The landowners are part of a larger group of approximately 40 people or landholding entities contesting compensation offers and who have retained legal counsel. Energy Transfer Partners-Trans-Pecos Pipeline LLC said in an emailed reponse for this story that it is appealing the verdicts against it. The company also said in the same email exchange that that it has offered fair compensation to landowners. Landowners and others interviewed for this story claim otherwise.
But Simpson said the North Dakota ruling is welcome here.
“The Sioux have been treated poorly for a couple of centuries and whatever victory they can win, I’m in favor of that.”
Since the Dakota ruling, Native Americans in Texas and their non-Native allies have gathered a number of times the perimeters of the Trans-Pecos Pipeline.
“You live on this earth! You need this just as much as we do!” exclaimed Native American Aaron Tellez to pipeline construction workers. Speaking of preserving land, which here includes some of the last legacy ranch land in the United States, he said “Let’s take care of her!” The incident was captured on video by independent photojournalist Jessica Lutz.
Energy Transfer has said it respects the right to peaceful protest. In North Dakota, any rerouting of the pipeline means Energy Transfer would have to get easements from property owners in other parts of North Dakota, who might say “not here,” an echo of voices in Texas.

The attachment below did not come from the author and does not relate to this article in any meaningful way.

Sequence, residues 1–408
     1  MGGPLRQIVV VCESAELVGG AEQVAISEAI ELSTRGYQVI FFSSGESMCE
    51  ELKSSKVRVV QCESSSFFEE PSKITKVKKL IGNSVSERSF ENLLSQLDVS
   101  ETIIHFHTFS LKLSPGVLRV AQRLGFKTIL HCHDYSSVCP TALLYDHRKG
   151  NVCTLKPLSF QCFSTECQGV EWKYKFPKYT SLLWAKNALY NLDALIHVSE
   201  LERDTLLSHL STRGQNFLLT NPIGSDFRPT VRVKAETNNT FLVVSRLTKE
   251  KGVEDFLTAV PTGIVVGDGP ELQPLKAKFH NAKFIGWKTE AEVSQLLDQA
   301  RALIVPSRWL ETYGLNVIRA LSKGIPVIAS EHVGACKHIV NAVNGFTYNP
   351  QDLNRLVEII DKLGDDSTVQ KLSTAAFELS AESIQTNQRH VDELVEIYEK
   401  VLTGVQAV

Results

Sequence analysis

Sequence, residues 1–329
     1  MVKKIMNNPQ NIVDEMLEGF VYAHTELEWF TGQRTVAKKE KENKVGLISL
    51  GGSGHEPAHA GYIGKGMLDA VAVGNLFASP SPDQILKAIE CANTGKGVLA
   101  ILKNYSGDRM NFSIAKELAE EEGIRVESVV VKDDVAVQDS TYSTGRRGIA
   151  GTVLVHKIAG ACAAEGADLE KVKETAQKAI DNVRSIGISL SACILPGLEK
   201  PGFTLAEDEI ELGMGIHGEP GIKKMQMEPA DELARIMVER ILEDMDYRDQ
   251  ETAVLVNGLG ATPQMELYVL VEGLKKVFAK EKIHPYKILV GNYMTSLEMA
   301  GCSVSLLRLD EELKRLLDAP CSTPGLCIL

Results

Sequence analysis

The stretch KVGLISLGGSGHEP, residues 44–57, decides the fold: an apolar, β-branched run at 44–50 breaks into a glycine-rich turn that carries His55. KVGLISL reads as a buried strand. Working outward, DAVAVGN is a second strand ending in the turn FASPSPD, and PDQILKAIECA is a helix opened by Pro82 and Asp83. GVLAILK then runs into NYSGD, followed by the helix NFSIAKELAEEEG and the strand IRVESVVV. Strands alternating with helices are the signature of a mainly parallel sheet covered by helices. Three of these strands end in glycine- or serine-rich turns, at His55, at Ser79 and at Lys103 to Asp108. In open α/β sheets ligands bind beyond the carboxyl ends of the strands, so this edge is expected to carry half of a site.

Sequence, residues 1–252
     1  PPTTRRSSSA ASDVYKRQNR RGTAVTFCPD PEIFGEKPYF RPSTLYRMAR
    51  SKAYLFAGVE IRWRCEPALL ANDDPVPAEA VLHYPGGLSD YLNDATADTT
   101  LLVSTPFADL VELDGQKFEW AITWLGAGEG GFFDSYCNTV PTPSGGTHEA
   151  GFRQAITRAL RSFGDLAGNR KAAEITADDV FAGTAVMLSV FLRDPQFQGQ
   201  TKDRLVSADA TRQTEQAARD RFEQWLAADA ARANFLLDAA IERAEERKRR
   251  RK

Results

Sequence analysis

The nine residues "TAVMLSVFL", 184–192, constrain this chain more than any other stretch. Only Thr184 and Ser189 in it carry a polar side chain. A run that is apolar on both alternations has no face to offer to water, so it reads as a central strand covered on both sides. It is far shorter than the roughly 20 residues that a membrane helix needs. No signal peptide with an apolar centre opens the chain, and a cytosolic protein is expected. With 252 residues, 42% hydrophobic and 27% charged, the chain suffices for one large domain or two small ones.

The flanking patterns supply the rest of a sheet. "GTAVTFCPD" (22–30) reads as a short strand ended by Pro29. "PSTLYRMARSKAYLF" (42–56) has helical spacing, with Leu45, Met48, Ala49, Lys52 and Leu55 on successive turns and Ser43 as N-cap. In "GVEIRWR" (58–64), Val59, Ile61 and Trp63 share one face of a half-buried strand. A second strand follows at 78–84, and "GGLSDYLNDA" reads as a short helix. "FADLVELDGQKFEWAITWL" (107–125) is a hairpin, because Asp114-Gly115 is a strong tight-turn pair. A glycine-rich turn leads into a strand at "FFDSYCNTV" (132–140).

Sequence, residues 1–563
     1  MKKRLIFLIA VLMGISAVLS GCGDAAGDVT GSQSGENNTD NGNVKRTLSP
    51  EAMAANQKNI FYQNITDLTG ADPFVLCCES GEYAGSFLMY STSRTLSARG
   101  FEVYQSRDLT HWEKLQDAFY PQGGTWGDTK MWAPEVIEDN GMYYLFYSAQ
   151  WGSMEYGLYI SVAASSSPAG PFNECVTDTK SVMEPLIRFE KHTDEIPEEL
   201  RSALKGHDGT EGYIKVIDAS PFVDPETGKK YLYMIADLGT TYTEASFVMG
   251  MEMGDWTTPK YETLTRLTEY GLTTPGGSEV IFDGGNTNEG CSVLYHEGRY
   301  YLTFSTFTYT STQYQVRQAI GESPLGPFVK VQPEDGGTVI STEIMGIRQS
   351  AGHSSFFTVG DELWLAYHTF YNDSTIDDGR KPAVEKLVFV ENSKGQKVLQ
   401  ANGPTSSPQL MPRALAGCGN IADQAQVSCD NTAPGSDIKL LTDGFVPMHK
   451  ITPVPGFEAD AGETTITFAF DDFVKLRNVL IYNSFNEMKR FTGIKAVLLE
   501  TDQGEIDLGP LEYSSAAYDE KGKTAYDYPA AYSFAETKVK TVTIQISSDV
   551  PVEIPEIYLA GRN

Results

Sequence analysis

“They have no idea the devastation that we feel,” said archaeologist David Keller. He is with the Big Bend Conservation Alliance, a group of landowners, ranchers and area residents.
“The fact that it’s taken this incredible clamor in North Dakota to get us on the radar has been frustrating though I must say that I’m very glad by what has transpired.”
In the Texas case, a pipeline is bringing heavy construction to a rural area called the Big Bend.
“I thought there would be enough people out there that love the Big Bend and realized its majesty and its significance to Texas and the United States. And I thought, I guess foolishly, that all we’d have to do is sorta put it out there and say hey this area’s at risk. And the fact that that didn’t happen was very disconcerting,” Keller said.
Both pipeline controversies are also on the radar in Mexico. Pipelines bringing in U.S. natural gas are lynchpins of the country’s energy reform program, a plan that propses cleaner electricity generation through the use of natural gas rather thsan oil, a more stable supply of electricity and lower prices for businesses, manufacturers and consumers. The price and delivery of electricity are particularly irksome issues In Mexico. In 2017, four U.S. natural gas pipelines begin delivering to Mexico. In the next three years, U.S. pipeline capacity into Mexico will nearly double.
José Manuel Carrera heads business development at Pemex, Mexico’s state-owned energy company. He did not comment specifically on any individual pipeline. But he said Mexico is counting on timely delivery of U.S. natural gas.
“Construction of these pipelines is making available more natural gas – decreasing prices of power in Mexico.”
Mexico appears nervous about the election of Donald Trump. But on this issue, the Mexican energy establishment is with him. The President-elect says once in office, the standoff in North Dakota will be resolved quickly. But despite pipeline regulation being a state matter in Texas, several pipeline opponents in Texas say Trump’s election likely means there’s no hope to stop construction here, though several people interviewed for this story suggest they are not deterred and feel emboldened by developments in North Dakota. They said they will try at the very least to keep their opposition to the Trans-Pecos Pipeline in the public eye.
– Lorne Matalon